17. 17. Grotesque Realism: A Celebration of Life <ul><li>“ There is nothing grossly cynical in Rabelais’ scatological images, nor in the other images of grotesque realism: the slinging of dung, the drenching in urine, the volley of scatological abuse hurled at the old, dying, yet regenerating world. </li></ul><ul><li>“ All these images represent the gay funeral of this old world; they are (in the dimension of laughter) like handfuls of sod gently dropped into the open grave, like seeds sown in the earth’s bosom .” </li></ul><ul><ul><li>Mikhail Bakhtin, Rabelais and His World , p. 176 </li></ul></ul>
  18. 18. Controversial in the USSR <ul><li>Bakhtin posited grotesque realism as an alternative to socialist realism , the official aesthetic doctrine of the Soviet Union </li></ul><ul><li>After 1934, literature and art in the Soviet Union, by official state decree, were required to be </li></ul><ul><ul><li>Proletarian = relevant to the workers and understandable to them </li></ul></ul><ul><ul><li>Typical = scenes of every day life of the people </li></ul></ul><ul><ul><li>Realistic = strictly representational of “real life” (no science fiction, fantasy, or supernatural elements) </li></ul></ul><ul><ul><li>Partisan = supportive of the aims of the Soviet State and the Communist Party </li></ul></ul>
  19. 19. Controversial in the USA? <ul><li>What do you think your parents would say if you told them Dr. Broder was teaching you about literature that was degrading , that brought low all that is high , spiritual , or ideal , that emphasized the body and earthly pursuits and pleasures , including mockery of church and scripture and celebration of gluttony, drunkenness, pooping and farting? </li></ul>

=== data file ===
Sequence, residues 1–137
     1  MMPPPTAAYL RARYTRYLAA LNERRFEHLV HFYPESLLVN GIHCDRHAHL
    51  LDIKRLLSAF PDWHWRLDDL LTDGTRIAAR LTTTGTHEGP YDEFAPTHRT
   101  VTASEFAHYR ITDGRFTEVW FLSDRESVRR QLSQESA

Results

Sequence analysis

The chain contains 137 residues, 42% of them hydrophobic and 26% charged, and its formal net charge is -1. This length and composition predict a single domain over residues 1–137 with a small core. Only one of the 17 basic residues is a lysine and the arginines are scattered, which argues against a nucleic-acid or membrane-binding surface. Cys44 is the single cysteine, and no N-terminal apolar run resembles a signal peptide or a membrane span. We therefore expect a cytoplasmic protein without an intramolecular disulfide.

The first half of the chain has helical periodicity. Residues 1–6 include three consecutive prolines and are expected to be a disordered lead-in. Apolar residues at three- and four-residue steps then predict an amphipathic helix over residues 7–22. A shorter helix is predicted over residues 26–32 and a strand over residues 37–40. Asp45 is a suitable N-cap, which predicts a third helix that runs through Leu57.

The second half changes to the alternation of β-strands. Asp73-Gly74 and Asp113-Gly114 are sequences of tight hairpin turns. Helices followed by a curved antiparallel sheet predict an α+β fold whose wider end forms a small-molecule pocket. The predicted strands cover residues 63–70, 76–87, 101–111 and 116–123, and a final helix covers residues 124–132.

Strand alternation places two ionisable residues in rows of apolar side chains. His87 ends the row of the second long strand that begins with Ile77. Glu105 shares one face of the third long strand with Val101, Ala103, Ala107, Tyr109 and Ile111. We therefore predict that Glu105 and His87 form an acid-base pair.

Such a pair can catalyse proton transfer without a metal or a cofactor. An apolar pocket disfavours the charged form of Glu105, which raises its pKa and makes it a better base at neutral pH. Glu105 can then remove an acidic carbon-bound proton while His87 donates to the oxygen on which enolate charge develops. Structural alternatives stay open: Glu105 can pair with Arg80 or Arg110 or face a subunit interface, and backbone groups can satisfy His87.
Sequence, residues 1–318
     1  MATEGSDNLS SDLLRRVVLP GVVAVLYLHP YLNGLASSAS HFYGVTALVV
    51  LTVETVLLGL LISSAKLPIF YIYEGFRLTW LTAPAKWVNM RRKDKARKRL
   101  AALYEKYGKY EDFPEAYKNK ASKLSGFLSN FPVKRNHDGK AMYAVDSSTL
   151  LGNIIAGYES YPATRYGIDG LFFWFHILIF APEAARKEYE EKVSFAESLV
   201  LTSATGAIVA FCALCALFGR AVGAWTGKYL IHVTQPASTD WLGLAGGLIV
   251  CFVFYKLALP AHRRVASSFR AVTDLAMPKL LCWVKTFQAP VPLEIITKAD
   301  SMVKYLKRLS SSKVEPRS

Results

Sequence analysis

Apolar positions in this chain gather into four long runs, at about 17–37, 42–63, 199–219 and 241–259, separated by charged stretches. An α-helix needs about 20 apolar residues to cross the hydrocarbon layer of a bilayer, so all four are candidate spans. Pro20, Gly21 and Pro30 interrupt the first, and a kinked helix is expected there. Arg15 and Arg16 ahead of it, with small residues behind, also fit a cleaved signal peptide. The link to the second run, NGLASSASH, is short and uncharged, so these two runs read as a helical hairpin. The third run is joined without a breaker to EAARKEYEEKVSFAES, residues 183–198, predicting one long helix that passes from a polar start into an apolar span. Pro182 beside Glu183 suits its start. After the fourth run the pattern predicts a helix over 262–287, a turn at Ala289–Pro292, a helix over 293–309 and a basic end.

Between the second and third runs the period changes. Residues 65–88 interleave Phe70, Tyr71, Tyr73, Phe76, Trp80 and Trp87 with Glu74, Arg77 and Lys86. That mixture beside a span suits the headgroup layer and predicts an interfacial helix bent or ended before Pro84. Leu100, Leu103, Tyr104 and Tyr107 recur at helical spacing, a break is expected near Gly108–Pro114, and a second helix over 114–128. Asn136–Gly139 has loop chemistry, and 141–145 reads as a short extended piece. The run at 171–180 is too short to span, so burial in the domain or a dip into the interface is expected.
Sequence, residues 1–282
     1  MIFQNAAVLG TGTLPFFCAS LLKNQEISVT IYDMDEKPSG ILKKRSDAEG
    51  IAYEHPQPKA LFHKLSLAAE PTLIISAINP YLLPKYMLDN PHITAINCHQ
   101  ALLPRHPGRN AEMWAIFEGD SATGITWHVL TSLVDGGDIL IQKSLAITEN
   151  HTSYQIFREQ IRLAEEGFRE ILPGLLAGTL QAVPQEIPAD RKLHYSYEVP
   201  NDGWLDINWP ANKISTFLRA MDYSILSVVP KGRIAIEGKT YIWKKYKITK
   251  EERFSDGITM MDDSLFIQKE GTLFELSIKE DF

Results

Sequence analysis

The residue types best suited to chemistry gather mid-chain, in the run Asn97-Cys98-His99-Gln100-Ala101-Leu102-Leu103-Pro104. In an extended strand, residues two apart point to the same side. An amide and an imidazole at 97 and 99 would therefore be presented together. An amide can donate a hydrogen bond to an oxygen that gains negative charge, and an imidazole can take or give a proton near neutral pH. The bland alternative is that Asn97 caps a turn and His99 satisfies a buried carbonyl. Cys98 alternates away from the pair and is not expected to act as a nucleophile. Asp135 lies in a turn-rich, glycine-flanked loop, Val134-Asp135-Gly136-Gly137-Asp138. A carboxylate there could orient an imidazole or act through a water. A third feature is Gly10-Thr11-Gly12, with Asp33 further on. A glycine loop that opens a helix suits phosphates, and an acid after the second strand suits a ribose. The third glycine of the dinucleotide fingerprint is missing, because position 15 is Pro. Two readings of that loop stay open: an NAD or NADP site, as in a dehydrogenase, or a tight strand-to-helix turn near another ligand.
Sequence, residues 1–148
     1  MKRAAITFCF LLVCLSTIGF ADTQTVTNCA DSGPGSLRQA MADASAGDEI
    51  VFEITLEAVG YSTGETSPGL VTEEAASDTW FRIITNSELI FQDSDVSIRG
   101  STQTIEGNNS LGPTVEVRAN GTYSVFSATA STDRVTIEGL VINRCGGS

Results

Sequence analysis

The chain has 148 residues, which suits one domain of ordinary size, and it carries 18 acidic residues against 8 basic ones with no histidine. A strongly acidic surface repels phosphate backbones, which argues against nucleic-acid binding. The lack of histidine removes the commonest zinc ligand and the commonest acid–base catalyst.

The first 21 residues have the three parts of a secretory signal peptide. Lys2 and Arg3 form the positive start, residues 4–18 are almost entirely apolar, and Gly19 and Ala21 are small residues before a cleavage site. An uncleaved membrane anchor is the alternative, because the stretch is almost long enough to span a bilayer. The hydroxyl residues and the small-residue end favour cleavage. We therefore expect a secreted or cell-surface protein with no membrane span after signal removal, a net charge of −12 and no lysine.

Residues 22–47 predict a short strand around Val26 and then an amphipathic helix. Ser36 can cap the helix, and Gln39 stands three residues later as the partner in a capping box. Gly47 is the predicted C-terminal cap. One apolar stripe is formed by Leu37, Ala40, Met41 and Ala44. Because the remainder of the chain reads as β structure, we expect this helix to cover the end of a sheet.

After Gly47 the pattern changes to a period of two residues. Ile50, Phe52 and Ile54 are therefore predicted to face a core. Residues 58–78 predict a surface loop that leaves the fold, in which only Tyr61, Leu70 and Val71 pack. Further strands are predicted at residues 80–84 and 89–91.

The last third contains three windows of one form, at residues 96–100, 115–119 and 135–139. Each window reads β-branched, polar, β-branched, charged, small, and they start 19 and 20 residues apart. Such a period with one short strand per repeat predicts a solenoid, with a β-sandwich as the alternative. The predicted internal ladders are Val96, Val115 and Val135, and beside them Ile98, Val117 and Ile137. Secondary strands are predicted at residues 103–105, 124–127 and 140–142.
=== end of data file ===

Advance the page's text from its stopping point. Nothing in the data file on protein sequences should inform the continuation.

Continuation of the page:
20. 20. <ul><li>Is Rabelais revolutionary or traditional? </li></ul><ul><li>Do carnival laughter and grotesque realism threaten the authority of Church and State? </li></ul><ul><li>Are carnival laughter and grotesque realism present today in stories, poems, plays, graphic novels, TV shows, movies, and video games? </li></ul><ul><li>What value, if any, might carnival laughter and grotesque realism have for contemporary society, culture, and politics? </li></ul>
  21. 21. Daily Write <ul><li>What point do you remember most clearly from today’s class or think was most important, and why? </li></ul>
  22. 22. World Literature II Renaissance to the Present Dr. Michael Broder University of South Carolina January 24, 2012